Kevin O'Leary is not an immigrant-basher and displays no interest in pretending to be one.
There are no evident signs of him tapping into anti-establishment populism, and after spending much of his time outside Canada, it's unclear he would know where to look for such a thing here.
Based on his unappetizing vow to bring a spatula to Ottawa to "scrape all that crap out," and his clunker of an attempt to label Justin Trudeau a "surfer dude," he is not necessarily even all that adept at coming up with catchy political slogans or nasty names for political opponents.
In short, despite inevitable comparisons as he gets closer to launching a Conservative leadership bid – unveiling on Friday both a new website and an advisory committee that included former Ontario premier Mike Harris – Kevin O'Leary is not Donald Trump.
But there is one way in which, to have any chance of actually winning the race, the businessman and television personality would need to mirror the president-elect: He would have to rely on his celebrity to circumvent the unwritten rules for how to compete for his party's top prize.
Ordinarily, leadership contests in this country are all about organizational grunt work, with media exposure not counting for much. To win, candidates have to spend just about every waking moment out pressing the flesh – speaking to any audience that will have them, slowly winning over existing party members and, most pivotally, signing up new ones they can coax and cajole to cast ballots on voting day. If not quite winning over each voter separately, it requires painstaking effort to attract local organizers who will do that for them.
Mr. O'Leary does not have enough remaining time to do any of that properly. There is a common view among Conservative organizers that even candidates such as Lisa Raitt, who officially jumped into the race almost seven months before the May 27 vote, gave too much of a head start to earlier entrants, including Maxime Bernier, Kellie Leitch and Andrew Scheer. If Mr. O'Leary takes the plunge in January or February, he would have to attract an army of organizers and clone himself several times over to have any chance of winning the traditional way.
But then, Mr. Trump didn't do the things candidates for the Republican nomination were supposed to have to do, either – declining to join rivals glad-handing Iowa farmers or trudging through snow in New Hampshire. Instead, he demonstrated that traditional ways can, under just the right set of circumstances, be upended by a particular mix of celebrity and social media.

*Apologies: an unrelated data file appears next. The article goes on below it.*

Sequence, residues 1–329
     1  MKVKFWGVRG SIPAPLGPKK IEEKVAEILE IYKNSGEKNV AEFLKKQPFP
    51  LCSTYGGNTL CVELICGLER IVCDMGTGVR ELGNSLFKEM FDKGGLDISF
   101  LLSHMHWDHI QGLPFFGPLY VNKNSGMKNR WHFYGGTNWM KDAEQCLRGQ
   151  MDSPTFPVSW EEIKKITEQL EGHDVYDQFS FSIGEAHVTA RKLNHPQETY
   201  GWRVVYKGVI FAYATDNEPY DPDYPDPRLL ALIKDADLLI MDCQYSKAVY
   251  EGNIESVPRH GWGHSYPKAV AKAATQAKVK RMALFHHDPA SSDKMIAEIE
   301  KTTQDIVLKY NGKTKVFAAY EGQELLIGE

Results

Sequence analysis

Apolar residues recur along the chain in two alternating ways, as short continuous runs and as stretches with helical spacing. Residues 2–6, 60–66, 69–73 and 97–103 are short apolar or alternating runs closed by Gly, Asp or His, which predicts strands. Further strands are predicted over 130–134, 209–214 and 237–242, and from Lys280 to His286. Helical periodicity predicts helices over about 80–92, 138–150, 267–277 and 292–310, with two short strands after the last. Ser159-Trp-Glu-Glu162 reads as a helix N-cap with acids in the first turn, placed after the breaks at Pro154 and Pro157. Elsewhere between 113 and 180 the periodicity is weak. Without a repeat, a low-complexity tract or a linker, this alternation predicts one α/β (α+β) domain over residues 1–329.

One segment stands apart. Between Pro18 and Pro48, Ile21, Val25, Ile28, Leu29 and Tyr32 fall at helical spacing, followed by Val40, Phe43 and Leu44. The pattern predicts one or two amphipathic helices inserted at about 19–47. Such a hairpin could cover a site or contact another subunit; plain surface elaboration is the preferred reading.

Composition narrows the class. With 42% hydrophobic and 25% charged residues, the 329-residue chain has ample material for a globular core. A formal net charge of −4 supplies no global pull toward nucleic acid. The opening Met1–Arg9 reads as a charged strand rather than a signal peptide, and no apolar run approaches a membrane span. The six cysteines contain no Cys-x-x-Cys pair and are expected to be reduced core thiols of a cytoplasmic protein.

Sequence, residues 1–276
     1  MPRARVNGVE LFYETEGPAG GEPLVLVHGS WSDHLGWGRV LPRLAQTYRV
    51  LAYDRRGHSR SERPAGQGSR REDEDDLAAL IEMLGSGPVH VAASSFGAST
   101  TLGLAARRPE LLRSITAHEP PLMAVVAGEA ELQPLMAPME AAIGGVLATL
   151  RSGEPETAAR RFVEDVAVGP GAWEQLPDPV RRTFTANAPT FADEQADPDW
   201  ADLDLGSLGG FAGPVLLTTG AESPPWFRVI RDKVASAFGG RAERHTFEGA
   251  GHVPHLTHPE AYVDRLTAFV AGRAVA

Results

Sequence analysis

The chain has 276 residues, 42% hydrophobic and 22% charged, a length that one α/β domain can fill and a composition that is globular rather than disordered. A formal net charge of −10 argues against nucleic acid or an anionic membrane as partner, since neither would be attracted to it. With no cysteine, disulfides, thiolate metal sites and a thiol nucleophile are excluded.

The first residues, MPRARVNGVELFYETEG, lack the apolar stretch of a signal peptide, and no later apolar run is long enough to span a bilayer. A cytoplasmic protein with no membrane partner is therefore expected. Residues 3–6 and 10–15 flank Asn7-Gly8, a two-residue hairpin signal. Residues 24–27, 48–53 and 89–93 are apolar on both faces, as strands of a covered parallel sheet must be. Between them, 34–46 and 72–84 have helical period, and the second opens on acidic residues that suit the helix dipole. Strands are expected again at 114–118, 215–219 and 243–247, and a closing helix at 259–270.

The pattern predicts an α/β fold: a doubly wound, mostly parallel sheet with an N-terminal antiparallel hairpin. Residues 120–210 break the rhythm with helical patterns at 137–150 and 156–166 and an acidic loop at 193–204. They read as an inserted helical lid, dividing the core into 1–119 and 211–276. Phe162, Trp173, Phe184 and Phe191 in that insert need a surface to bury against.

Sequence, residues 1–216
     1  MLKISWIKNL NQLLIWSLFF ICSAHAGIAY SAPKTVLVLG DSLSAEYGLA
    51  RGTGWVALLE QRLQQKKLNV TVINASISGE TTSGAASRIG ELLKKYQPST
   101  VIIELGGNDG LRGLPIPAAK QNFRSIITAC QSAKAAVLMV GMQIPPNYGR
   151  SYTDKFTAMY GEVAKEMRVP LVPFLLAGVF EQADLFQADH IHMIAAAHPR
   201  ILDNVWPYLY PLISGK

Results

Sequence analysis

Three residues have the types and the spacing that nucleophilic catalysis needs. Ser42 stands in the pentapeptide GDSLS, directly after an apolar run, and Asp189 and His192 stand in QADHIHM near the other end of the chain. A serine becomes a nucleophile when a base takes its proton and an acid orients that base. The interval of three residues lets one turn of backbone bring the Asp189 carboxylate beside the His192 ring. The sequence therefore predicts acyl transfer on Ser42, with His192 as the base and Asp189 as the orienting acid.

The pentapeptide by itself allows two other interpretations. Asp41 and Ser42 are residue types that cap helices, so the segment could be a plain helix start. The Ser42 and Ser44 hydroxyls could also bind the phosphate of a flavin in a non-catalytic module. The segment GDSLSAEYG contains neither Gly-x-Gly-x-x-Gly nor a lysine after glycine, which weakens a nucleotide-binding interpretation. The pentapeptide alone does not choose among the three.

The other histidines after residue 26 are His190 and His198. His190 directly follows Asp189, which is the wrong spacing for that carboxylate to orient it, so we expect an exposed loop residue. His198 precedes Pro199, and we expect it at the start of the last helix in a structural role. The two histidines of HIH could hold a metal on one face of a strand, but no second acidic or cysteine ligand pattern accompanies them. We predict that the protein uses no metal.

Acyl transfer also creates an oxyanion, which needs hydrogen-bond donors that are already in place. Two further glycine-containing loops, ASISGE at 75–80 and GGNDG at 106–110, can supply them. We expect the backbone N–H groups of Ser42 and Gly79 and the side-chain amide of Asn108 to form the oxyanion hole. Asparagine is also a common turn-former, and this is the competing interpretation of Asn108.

Until recently, high name recognition alone wouldn't be enough to make a candidate competitive, because there was no easy way to identify and mobilize supporters. But when millions of them are willing to self-identify through Twitter or Facebook, that can change things – enabling messages to be directly targeted, and valuable personal information to be collected.
Mr. Trump in one sense had a considerably easier task than would Mr. O'Leary. Republican primaries are much more wide-open affairs than Conservative leadership campaigns. Many millions of people, with limited affiliation or loyalty to any of the more mainstream candidates, were going to vote anyway; he had a fair chance of turning a good share into supporters, and non-habitual voters he was able to recruit had few hurdles to jump.
Mr. O'Leary, by contrast, is trying to become head of a relatively closed club in which he himself is barely a member in good standing. There are currently fewer than 100,000 Conservative Party members, and most won't gravitate toward an interloper. So he needs to focus primarily on getting people who have never before bought memberships to do so before a deadline in late March, and to pay $15 for that privilege.
But then, Mr. Trump had to convert his celebrity into more than 13 million votes to win the GOP's nomination. Mr. O'Leary would stand a pretty good chance if he could sign up anywhere near 100,000 members of his own – a not completely inconceivable sum for someone with a current Twitter following of almost 600,000.
What Mr. O'Leary will need from his advisers in the weeks ahead – the veteran backroom types on his committee, more so than the likes of Mr. Harris – is an honest assessment of just how much his profile is actually worth, in terms of sign-up potential. And they need to figure out whether it could translate into support with enough geographic balance to give him a chance in a leadership system in which all ridings are weighted equally.
They should also let him know that he would probably need to spend all his time between the membership cutoff and the voting date personally reaching out to opponents' supporters to try to make himself acceptable to them – necessary with a preferential-ballot system in which no candidate is likely to top 50 per cent of first-choice votes.
That's something Mr. Trump never had to do. But the path to competitiveness, despite all the differences between the two men, could look a bit familiar.